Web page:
Now that you have made the decision to live in an RV, you should know the number one way to save money. In this article, I will share with you the insiders secret to saving thousands of dollars each year without boondocking. Here it is:
Stay in one place!
Let me explain. Staying in an RV park is similar to a hotel. There are a variety of rates that are subject to change depending on the season. There are four basic types of RV park rental rates.
- Daily Discount.
- Long Term or Monthly.
Let's take a look at each of these options.
1. Daily - The daily rate at an RV park is the rack rate without any discounts. While the average nightly rate in America is $35 a night, you will find parks as high as $75 or $100. The daily rate adds up if you plan to stay more than a night or two, but can be worth it if the park is located in an area you want to explore.
2. Daily Discount - There are several ways to get discounts at RV parks. You can own a club membership, use AAA or AARP, be in the military or participate in a group booking. Each of these options will save 10-50% depending on the park. Here are a few discount options you can explore:
Coast To Coast - offers members discounted rates at their Good Neighbor Parks. This discount can be used for up to seven nights, but the price will vary from park to park. As members, you must choose a "home resort" and then purchase a level of membership.
Passport America- This club offers 50% off within their network of hundreds of U.S. parks. Membership is $44 and includes a directory. Be aware that because the discount is significant, many parks drop in and out of the system. Just because you stayed somewhere last year does not mean it is still a Passport America park. Be sure to call ahead and check.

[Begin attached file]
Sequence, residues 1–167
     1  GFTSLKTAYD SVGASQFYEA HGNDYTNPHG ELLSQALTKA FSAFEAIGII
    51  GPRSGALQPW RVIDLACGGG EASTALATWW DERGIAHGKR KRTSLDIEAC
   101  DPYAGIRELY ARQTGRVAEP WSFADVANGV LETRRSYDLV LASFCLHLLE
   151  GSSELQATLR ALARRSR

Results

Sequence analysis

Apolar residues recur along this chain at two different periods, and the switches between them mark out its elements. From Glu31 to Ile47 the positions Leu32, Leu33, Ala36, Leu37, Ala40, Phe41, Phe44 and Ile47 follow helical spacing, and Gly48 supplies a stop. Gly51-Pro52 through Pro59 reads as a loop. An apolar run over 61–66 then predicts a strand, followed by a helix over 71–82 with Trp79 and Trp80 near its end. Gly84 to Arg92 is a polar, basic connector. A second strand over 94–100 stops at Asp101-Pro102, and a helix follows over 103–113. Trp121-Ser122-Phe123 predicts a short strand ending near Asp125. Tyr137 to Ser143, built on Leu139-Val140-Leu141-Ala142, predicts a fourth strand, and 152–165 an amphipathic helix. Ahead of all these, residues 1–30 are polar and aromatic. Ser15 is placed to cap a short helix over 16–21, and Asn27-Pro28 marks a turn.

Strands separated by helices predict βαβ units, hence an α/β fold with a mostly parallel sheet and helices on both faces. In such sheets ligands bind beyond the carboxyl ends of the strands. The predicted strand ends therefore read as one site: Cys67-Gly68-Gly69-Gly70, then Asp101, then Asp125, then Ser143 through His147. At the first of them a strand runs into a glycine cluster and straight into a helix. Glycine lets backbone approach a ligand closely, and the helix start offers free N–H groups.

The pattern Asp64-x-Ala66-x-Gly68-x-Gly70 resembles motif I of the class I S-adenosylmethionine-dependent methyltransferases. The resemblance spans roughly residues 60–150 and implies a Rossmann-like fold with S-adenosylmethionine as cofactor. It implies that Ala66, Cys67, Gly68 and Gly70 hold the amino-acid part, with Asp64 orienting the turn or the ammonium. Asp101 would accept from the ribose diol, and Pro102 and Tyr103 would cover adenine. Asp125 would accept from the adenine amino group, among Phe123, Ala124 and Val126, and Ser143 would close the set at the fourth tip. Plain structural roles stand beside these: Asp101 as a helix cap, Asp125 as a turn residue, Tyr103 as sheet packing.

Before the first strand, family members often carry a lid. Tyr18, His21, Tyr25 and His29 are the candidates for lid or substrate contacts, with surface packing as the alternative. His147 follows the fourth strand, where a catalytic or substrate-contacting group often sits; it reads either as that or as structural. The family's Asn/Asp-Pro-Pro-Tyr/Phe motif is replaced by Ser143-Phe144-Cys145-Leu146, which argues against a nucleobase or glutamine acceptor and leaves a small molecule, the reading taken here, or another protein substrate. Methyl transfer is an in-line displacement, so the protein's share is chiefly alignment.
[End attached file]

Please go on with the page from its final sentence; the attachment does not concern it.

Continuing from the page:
Escapees - As a member of Escapees, you can receive discounts within their park program. Escapees members enjoy a variety of benefits, but the parks are few and far between.
3. Weekly - Many RV parks offer weekly discounts if you plan to stay seven days. In most cases, this is equivalent to buying six nights and getting one free. Weekly rates are most common when traveling in the off-season and shouldn't be expected year round.
4. Long Term or Monthly - Long term guests save a ton of money in RV Parks. In many cases, the savings can be as much as 300% or more! Long term or monthly spaces aren't always available, but if you can snag one, this is your best way to save money while exploring.
Now here's the question: is it possible to travel and stay in one place to increase your savings? The answer is yes! Here's how!
Most people take off on a wild goose chase after buying an RV. They travel here and there, taking photos along the way. The problem is, most people burn out or run out of money within a few months. Soon they sell their RV and move back into a stick and brick lifestyle.
Is there another way?
Yes, I suggest a plan of four, six or 12 month periods. Decide which states or region you want to visit, and plan to make this your primary homestead for your predetermined time frame. Because you will be staying in one place for a set of months, you will have plenty of time to explore the area. Need money? Plan to get a job while you stay. When you visit a region for a longer period, it is much easier to get regular employment.